NOT agreeing with what they did but imagine they had gone to a little bit of effort to disguise the “interesting ways” (- maybe by not calling it “interesting ways!”) and tinkered and tampered with some of the wording and maybe even have put a couple of their own pictures in and then finally instead of whacking the lot out on individual handouts…this might never even have come to the attention of even a sharp eyed follower of Tom’s great work. My point being that the cc licence really does rely on one having a strong moral compass and in… Read more »
D Solon
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D Solon
5 years 9 months ago

It’s bad enough when other educators do this sort of thing and put their names on other people’s hard work that they share, but a company? Completely irresponsible and unconscionable. Companies have used that old ‘it slipped through the cracks’ line for ages to get away with this sort of thing.
Perhaps Edsoft should make some sort of SIZEABLE MONETARY contribution to “work with you collaboratively to put energy behind this in a positive manner.”

John Sutton
Guest
5 years 9 months ago

I’m now pretty confused about what constitutes commercial use. For context, I am a self employed ICT teacher and consultant and have contributed to many of the “Interesting Ways” presentations. If I ran a training session, conference or seminar in which people paid to take part, in the course of which I talked about disseminated or otherwise linked to a CC resource with a non-commercial attribution, would that represent a breach of license? Even though I may have authored a small portion of it? Even though the resources in question were never mentioned in the marketing of the event?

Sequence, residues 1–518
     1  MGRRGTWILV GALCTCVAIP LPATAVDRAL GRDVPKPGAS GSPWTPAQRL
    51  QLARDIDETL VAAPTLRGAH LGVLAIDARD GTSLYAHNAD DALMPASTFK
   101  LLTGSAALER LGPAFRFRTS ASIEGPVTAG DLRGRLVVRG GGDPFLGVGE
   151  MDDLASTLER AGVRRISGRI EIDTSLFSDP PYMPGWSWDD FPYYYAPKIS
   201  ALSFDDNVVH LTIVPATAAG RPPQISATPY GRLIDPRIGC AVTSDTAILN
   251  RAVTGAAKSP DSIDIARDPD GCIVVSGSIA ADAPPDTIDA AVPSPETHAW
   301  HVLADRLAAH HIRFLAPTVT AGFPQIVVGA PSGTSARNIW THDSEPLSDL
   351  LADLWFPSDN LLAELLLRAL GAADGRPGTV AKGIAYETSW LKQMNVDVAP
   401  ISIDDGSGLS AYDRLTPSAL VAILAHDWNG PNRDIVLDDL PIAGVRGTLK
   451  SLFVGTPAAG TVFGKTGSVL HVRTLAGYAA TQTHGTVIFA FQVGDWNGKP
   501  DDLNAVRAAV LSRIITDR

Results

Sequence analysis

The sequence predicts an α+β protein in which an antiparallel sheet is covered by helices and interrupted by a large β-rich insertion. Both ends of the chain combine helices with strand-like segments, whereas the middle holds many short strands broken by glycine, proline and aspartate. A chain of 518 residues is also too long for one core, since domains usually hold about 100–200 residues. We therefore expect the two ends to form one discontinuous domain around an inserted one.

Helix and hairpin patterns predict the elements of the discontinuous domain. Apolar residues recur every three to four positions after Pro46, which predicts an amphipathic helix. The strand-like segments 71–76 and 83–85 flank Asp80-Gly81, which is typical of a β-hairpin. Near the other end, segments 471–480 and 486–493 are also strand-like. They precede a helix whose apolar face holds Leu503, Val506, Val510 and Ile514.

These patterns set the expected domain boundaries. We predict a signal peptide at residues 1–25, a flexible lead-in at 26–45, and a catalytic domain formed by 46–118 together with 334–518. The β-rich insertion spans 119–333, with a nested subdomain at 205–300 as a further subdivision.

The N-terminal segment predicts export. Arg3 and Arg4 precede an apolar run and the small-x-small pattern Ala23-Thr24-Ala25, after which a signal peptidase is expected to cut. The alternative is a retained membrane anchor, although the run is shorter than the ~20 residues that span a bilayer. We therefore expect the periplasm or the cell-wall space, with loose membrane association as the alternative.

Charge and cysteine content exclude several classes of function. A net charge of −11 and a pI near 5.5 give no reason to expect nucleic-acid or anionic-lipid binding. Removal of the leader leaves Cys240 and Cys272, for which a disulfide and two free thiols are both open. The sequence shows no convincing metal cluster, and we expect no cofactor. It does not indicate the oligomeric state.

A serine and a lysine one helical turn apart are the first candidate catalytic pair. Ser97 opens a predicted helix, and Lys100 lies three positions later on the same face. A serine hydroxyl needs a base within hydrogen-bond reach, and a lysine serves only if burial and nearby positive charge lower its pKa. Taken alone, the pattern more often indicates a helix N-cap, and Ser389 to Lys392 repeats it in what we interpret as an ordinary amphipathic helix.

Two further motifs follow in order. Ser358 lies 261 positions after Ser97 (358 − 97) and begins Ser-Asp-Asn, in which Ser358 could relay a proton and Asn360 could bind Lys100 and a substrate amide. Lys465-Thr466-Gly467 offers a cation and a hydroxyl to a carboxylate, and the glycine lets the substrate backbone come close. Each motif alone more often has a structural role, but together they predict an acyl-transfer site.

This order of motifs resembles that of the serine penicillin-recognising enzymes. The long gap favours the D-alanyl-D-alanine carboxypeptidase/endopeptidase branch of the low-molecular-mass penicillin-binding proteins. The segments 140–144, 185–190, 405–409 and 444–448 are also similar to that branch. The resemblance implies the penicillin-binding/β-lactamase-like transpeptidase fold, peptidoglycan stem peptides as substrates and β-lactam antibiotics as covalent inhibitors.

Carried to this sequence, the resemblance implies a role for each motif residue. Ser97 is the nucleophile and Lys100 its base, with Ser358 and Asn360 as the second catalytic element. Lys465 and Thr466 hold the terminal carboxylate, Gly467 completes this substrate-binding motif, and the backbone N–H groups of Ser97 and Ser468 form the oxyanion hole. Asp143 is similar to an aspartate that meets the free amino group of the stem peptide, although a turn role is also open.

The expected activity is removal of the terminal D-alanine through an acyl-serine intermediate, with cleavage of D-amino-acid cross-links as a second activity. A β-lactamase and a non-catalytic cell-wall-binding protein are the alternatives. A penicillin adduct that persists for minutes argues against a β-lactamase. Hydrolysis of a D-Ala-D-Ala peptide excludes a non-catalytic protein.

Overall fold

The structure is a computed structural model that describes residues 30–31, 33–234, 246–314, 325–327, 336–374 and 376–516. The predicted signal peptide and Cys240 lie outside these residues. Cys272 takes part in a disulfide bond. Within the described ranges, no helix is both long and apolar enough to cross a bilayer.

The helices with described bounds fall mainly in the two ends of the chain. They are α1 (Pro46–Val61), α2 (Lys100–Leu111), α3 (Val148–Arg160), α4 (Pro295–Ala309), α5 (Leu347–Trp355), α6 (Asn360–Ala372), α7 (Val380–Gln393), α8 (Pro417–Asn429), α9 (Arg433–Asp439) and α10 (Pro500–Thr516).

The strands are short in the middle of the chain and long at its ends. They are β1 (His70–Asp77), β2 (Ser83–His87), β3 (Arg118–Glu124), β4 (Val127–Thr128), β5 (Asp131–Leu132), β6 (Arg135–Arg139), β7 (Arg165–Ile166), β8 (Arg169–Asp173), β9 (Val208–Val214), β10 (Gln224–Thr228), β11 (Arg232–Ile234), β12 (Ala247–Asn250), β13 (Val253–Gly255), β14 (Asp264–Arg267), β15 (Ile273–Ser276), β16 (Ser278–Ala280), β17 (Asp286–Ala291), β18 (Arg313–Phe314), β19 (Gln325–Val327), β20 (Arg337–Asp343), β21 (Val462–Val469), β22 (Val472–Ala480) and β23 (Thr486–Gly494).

Theo Kuechel
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Theo Kuechel
5 years 9 months ago

Andrew, thanks for your contribution to this conversation, most helpful. However what I still find difficult to grasp is why, (as I am given to understand), Edusoft felt it necessary to remove the names of the contributors to the resource. This surely leaves Edusoft open to a charge of plagiarism as well as misuse of a Creative Commons licence licence. I think this is the question many of us would like to have answered.

Christo clifford
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Christo clifford
5 years 9 months ago

I absolutely agree with your decision to refuse use in this case. How can we teach children to be honest re downloading and file sharing and appropriate use of copyright materials when companies blatantly break ethical agreements insulting all involved in the intellectual creation of a wonderful resource